The Joint Negotiating Group (JNG) has called on the maritime industry to ensure that seafarers are given their rights during the Covid-19 crisis and are not blacklisted for speaking out against unfair treatment.
The JNG, which represents maritime employers, made the commitment in a joint statement issued with the International Transport Workers' Federation (ITF).
'It is important that seafarers are not disadvantaged for merely standing up for themselves when they have completed their contracts and are mentally and physically not ready to continue to work safely,' said International Maritime Employers' Council chairman Captain Belal Ahmed, who signed the letter on behalf of the JNG.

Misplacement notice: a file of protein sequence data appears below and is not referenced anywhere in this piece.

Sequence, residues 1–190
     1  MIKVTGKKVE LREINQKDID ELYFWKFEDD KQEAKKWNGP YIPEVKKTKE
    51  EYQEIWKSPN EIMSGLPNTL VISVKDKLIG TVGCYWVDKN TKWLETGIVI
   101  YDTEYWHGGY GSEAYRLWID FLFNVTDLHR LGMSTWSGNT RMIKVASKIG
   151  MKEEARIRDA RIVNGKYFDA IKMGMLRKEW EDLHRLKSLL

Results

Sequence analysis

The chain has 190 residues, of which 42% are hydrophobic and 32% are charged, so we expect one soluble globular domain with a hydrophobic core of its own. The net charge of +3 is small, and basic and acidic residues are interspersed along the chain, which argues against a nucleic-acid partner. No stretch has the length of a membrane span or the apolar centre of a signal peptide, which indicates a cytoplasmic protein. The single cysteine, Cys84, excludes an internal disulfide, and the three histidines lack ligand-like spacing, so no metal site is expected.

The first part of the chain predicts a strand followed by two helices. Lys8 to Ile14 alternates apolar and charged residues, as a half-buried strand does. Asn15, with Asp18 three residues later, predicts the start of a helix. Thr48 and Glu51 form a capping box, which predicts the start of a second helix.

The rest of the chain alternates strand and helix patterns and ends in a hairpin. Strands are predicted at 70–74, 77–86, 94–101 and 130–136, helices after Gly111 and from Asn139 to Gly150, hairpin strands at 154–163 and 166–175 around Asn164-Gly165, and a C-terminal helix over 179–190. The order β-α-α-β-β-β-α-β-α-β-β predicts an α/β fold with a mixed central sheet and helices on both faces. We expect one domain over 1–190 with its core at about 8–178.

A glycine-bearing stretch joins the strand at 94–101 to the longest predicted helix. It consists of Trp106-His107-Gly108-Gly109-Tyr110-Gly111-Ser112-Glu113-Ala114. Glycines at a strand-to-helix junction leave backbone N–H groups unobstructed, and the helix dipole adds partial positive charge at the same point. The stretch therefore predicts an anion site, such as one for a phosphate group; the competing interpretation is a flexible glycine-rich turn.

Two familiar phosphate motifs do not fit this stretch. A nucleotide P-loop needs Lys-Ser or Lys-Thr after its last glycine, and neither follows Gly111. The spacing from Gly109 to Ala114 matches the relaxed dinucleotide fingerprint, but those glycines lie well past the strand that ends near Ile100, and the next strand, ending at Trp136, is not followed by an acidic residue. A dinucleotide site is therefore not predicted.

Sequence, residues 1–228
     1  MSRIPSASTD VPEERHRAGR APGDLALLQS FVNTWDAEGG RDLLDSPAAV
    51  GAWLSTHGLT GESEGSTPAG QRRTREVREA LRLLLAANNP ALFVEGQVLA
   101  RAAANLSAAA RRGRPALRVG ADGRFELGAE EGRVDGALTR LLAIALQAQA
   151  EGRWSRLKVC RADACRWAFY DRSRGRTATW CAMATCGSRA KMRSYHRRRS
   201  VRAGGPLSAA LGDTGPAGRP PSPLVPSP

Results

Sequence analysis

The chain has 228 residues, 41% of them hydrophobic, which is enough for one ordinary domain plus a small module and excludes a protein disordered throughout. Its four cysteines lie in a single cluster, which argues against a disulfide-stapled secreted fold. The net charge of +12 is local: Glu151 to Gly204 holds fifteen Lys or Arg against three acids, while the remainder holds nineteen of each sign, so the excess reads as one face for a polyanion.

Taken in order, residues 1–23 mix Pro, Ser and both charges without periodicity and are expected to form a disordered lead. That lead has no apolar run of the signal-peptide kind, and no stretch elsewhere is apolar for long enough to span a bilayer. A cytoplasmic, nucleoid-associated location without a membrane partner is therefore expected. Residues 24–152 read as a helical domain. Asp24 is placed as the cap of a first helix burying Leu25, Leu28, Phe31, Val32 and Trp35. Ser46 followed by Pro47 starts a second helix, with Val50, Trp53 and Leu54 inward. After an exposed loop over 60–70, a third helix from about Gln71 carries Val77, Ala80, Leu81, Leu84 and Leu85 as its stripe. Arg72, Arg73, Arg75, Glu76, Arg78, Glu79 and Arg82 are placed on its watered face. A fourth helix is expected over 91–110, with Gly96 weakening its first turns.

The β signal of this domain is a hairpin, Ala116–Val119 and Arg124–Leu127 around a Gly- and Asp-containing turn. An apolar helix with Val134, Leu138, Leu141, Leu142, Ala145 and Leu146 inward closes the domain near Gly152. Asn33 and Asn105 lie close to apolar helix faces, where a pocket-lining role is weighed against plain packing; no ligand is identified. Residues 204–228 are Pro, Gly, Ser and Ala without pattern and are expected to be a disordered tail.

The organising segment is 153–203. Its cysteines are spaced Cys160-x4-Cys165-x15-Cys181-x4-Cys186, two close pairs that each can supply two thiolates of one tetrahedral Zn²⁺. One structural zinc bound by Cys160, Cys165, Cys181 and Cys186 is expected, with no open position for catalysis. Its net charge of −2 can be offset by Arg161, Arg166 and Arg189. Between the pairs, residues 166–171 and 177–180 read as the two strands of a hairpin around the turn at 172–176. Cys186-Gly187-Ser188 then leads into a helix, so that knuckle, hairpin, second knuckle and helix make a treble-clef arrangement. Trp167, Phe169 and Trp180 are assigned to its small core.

The JNG affirmed the commitment of its members to international maritime regulations and 'free, fair and safe workplaces'.
'We are uniting to call for ship owners, charterers, management companies, crewing agents, hiring partners and all other stakeholders to commit to not applying pressure on seafarers or coercing them in any way to extend their contracts. Neither should they deny seafarers the ability to exercise their human right to stop working, leave ships and return home,' the statement said.
ITF general secretary Stephen Cotton added: 'Seafarers have a real fear that if they speak up or stand up that their careers could be over. Fear of blacklisting prevents them from enforcing their own worker and human rights. Given the mental and physical fatigue caused by extended time on board, it is more important than ever during this crew change crisis that seafarers can speak up.
'We will be coming down hard on anyone in the industry who think they can get away with targeting seafarers who use their rights to reject contract extensions. Our industry is better than that.'